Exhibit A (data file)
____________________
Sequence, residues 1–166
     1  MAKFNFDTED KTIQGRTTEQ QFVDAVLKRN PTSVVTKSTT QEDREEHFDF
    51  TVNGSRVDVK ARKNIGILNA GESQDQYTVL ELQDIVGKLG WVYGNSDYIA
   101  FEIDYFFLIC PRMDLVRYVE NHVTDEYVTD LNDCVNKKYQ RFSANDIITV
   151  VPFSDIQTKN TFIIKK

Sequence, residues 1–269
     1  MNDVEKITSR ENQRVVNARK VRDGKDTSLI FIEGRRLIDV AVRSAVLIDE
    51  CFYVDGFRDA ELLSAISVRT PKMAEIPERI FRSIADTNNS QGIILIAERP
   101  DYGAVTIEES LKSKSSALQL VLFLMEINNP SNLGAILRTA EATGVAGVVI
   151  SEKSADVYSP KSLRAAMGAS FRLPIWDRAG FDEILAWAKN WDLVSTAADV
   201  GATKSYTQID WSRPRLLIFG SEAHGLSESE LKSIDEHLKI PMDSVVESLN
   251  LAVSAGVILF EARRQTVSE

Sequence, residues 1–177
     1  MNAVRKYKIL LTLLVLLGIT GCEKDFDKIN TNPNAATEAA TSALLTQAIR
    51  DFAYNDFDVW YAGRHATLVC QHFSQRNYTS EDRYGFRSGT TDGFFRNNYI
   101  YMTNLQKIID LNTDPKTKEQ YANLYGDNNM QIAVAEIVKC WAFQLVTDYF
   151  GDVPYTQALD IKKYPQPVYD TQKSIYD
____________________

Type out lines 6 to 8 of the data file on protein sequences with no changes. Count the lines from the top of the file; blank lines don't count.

Sequence, residues 1–269
     1  MNDVEKITSR ENQRVVNARK VRDGKDTSLI FIEGRRLIDV AVRSAVLIDE
    51  CFYVDGFRDA ELLSAISVRT PKMAEIPERI FRSIADTNNS QGIILIAERP